Re: Darwinian/Neo-Darwinian, and codes (was Memes and Things)

Mario Vaneechoutte (
Wed, 10 Feb 1999 20:35:19 +0100

Date: Wed, 10 Feb 1999 20:35:19 +0100
From: Mario Vaneechoutte <>
Subject: Re: Darwinian/Neo-Darwinian, and codes (was Memes and Things)

Richard Brodie wrote:

> Mario wrote:
> [RB]
> > And what PACKAGES of ideas -- memeplexes -- social organisms -- viruses of
> > the mind -- have the potential for becoming self-replicating and thus
> > prevalent?
> <<None, because viruses and ideas do not self replicate. Just like ideas and
> behaviours they depend upon the acitivity of replication machinery. All you
> can
> ask is: "Which characteristics do viruses (biological resp. viruses of the
> mind)
> have that cells resp. humans are so eager to replicate them?">>
> Well, by that token nothing really self-replicates.

Well, I tried to explain already several times (see also the symposium)
there is such a self-replicating or maybe better autonomously
duplicating system
on Earth. It originated only once: the first cell. All current cells are
descendants, which leads me to the inevitable conclusion that 'Life' is
a single
4 billion year old organism. Genes themselves are not replicators (and I
that they never have been, pace the RNA-world hypothesis). Culture knows
no such
thing like the cell.(Autonomous duplication does not mean that this
system does
not depend on metabolic sources and energy, it means that it carries all
necessary information + information processors to collect these sources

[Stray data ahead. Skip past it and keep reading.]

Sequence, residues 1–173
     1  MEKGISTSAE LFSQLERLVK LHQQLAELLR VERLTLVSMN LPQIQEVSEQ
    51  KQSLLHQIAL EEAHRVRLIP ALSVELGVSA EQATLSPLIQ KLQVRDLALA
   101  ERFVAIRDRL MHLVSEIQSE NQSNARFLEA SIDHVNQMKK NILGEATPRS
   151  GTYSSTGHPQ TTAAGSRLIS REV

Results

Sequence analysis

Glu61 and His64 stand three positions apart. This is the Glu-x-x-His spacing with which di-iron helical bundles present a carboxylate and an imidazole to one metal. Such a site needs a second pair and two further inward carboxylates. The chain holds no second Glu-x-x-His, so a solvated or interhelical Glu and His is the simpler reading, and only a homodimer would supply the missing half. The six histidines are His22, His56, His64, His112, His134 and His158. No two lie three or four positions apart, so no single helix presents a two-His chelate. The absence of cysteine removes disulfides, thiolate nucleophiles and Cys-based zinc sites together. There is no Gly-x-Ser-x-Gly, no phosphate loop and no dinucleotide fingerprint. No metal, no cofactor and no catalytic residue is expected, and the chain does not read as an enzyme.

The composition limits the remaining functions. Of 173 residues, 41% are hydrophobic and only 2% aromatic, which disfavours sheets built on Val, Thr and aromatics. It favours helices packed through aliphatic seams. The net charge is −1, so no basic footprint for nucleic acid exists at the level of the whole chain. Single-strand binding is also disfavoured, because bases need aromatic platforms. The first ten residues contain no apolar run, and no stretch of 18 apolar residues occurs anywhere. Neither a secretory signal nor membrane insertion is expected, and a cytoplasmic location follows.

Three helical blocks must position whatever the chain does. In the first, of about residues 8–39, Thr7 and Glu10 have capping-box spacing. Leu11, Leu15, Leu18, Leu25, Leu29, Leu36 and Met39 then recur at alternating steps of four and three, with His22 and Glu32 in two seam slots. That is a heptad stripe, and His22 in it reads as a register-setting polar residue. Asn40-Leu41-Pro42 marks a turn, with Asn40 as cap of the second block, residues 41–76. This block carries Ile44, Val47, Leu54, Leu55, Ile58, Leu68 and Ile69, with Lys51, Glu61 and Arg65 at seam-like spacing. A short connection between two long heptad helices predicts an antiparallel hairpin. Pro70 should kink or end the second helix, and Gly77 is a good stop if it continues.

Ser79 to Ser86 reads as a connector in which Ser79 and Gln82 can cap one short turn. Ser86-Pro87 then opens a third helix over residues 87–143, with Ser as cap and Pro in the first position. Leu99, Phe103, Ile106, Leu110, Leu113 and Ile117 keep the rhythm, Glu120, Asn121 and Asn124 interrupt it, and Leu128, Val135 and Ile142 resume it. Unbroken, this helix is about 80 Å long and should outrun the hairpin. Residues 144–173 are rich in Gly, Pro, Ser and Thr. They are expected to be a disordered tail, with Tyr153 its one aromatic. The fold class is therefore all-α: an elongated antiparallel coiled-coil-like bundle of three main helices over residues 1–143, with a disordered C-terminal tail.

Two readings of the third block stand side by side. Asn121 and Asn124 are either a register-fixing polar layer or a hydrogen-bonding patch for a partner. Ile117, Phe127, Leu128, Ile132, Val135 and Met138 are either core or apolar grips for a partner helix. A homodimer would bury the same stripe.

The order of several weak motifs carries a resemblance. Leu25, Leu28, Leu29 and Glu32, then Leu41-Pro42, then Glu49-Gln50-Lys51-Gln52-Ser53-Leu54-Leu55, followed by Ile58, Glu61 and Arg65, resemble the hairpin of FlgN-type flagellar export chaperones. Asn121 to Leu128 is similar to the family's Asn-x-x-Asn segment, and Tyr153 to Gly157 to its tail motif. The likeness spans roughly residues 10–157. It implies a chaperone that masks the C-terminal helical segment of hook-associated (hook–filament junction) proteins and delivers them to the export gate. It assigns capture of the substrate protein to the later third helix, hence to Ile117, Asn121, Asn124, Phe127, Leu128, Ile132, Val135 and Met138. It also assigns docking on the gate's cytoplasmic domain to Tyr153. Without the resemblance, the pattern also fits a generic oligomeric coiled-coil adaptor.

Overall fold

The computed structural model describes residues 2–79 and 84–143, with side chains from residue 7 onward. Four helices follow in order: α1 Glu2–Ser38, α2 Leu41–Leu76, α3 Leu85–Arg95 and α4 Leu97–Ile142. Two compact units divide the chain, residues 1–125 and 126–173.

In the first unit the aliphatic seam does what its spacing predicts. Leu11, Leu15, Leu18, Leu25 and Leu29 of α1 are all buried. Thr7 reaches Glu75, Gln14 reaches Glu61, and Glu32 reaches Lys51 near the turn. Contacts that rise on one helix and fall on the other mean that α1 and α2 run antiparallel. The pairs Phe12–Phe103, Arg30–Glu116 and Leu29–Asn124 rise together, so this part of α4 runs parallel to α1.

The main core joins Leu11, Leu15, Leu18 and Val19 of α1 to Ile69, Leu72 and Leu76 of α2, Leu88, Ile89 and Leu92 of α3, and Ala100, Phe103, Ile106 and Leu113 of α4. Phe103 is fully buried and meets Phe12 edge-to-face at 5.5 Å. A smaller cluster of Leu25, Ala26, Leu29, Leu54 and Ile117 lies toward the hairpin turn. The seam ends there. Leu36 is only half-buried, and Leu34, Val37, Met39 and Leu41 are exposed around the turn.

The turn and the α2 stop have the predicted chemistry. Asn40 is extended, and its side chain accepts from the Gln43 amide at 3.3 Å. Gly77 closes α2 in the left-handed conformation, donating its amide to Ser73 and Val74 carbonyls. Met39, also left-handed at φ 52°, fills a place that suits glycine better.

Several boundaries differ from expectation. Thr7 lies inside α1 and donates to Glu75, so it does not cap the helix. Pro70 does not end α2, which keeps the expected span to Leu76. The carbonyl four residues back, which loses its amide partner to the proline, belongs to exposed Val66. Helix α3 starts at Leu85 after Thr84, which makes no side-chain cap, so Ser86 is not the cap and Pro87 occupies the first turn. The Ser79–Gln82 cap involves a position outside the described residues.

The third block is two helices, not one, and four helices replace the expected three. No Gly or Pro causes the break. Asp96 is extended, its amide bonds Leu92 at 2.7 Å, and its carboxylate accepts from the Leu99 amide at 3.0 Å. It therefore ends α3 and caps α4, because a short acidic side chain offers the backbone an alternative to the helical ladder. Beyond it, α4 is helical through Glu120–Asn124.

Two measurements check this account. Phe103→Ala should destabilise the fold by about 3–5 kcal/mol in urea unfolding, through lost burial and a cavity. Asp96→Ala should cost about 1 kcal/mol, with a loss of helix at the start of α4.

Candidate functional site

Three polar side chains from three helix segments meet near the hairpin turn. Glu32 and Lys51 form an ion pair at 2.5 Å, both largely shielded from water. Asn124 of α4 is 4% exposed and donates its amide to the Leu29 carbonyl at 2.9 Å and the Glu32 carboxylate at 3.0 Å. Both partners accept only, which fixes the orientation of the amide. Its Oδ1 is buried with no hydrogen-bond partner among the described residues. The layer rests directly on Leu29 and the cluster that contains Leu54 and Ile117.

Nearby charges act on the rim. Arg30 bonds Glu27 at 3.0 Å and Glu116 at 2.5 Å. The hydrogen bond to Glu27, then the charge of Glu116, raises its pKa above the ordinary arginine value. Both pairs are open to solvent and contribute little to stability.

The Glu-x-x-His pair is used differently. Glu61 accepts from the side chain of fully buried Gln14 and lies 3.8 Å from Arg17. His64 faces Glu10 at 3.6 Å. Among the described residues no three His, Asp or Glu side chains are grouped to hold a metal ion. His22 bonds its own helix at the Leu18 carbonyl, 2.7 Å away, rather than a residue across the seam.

leads it to split and to make two new systems).

(Here is part of the answer to Derek's "baffledness": this kind of
considerations readily leads away from the sociological considerations
that most
are using the meme concept for.)

> But don't you agree that
> you can take the intentional stance effectively with cultural viruses such
> as evangelistic religions, multilevel marketing groups, and chain letters.
> You would still ask the question you suggest, although I wouldn't use the
> word "eager"---more frequently it a matter of unconscious "hot buttons"
> being pushed or simple infection through conditioning.

No problems at all. Just that I thought that we behave eagerly when our
buttons are pushed. But maybe I used the wrong word.

> <<Well, when we gain insight in the relationship between our psychology and
> the
> memes populating our society, we might educate our children with the
> insights in
> how memes influence our behaviour, and such companies will no longer be very
> successful. Who knows we might stop this crazy tredmill of overconsumption,
> reinforced by commercials.>>
> Hear hear.

(Makes me think about the fabulous English TV series 'You rang, my
Lord?'. It is
what Little Henry always said.)

> I wish I had your faith though.

Well, it is not as much faith - I am rather realistic/pessimistic -, it
is just
my conclusion that 'memetic' education is probably our only way out of
our own

Mario Vaneechoutte (don't try to pronounce it when you don't speak

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